Michael Jackson's (search) lawyers claim prosecutors in the child molestation case are dragging their feet in giving the defense access to interviews with dozens of witnesses and hundreds of items seized in raids.

By law, the defense must be given "discovery" of prosecution evidence so it can prepare to fight it at trial.

"Mr. Jackson's right to a fair trial is jeopardized by the undue delay of discovery by the prosecution," the defense said in a May 13 motion requesting that the judge set a deadline for prosecutors to turn over materials currently being withheld.

The document, made public Tuesday, illustrates the massive nature of the Jackson investigation, noting there are "dozens, if not over 100" witnesses involved.

The new defense motion indicated the prosecution did turn over more than 1,100 pages of documents, including police reports and summaries of witness interviews, 51 audiotapes and two videotapes in three "waves" since the initial discovery request in January.

The sheer volume of evidence that the defense wants to examine could force a delay in the trial. Attorneys had said they would be ready by December, and the judge has said he wants to begin this year.

Jackson has pleaded not guilty to 10 felony charges of child molestation (search), administering an intoxicating agent, and conspiracy involving allegations of child abduction, false imprisonment and extortion.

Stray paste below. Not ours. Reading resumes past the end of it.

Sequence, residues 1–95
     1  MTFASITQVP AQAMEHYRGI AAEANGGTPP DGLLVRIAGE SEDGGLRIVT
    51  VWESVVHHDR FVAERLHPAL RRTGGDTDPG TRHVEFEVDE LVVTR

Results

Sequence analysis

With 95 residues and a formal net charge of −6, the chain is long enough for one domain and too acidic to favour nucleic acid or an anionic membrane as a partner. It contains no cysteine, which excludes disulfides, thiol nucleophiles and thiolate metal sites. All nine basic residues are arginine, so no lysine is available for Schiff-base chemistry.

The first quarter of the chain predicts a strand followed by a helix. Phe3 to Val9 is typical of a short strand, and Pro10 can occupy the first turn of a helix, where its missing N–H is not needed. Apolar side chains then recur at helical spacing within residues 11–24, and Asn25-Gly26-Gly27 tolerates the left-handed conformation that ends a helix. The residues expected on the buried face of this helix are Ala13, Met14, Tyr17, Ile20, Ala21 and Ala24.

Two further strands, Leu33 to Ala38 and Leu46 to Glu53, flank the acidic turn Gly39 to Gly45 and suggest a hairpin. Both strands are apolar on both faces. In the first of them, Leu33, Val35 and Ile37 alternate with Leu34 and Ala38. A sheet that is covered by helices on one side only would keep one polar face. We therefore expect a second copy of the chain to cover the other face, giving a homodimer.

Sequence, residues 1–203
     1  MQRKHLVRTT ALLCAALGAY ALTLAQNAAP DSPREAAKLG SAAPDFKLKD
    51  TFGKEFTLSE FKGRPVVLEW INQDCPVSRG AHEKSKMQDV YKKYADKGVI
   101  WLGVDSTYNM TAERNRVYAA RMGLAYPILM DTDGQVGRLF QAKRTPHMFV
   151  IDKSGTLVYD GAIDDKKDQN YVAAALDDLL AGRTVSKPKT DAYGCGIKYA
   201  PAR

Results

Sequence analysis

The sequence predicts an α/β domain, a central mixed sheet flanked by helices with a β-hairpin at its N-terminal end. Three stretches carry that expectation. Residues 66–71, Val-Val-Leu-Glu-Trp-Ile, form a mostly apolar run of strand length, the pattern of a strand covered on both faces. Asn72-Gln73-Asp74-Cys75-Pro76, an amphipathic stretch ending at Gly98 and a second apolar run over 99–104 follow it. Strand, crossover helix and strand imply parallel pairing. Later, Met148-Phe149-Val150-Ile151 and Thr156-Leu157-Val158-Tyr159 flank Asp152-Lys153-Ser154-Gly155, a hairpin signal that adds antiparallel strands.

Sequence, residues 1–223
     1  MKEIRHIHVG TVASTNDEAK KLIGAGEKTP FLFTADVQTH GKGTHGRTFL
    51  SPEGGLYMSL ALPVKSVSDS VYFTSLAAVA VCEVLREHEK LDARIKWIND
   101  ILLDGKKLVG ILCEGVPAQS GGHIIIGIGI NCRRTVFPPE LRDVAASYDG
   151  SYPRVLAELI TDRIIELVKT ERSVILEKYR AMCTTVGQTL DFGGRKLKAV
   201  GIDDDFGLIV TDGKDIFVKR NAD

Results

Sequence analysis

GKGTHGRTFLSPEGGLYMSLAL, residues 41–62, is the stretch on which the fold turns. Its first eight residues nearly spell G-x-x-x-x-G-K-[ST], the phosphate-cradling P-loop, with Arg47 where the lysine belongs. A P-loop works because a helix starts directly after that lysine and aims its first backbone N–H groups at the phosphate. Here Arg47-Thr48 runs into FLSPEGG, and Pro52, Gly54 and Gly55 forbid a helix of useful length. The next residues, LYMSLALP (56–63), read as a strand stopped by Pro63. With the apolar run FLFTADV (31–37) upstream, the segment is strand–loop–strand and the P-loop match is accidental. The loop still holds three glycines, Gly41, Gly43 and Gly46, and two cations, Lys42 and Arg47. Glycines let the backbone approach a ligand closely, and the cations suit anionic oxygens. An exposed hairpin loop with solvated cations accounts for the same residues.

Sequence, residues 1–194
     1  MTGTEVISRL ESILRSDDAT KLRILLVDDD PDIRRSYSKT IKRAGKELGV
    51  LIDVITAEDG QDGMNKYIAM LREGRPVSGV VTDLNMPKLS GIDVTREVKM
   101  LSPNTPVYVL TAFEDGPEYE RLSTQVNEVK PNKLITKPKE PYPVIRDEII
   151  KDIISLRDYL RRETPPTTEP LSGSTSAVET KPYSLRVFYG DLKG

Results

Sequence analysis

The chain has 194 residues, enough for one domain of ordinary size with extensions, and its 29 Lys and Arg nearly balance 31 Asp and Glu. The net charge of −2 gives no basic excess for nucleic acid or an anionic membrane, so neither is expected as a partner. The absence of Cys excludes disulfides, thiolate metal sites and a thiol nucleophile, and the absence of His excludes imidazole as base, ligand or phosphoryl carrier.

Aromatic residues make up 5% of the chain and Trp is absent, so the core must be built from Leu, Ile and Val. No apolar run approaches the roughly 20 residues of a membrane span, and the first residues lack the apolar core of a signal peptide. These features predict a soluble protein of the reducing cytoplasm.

The defense claims the prosecution has yet to allow it to examine more than 300 items seized in sheriff's raids at Jackson's Los Olivos (search) home and other locations last November. The prosecution has said the items are still undergoing forensic examination and are not available, the court papers stated.

A Friday hearing is scheduled in Santa Barbara Superior Court (search) for judge Rodney Melville to consider both the defense request to force discovery and another to lower Jackson's $3 million bail.

The family of the boy alleged to be the victim in the case filed a claim Tuesday against Los Angeles County, alleging that a confidential memo on the allegations was leaked by someone in the Department of Children and Family Services.

The memo, leaked in December, said the pop star was cleared of misconduct by child welfare investigators after the boy denied he was molested by Jackson.

The department had a "total failure" to maintain the boy's legally required privacy and never has apologized, according to the claim, which is a precursor to a lawsuit.

"What we ask for is an apology," unspecified damages and a county investigation into the leak, attorney Larry Feldman said Wednesday.

In a statement, the department said it is investigating.

"We are committed to working with the district attorney's office and county agencies to find the person or person responsible for the release of this confidential information and hold them accountable," Director David Sanders said.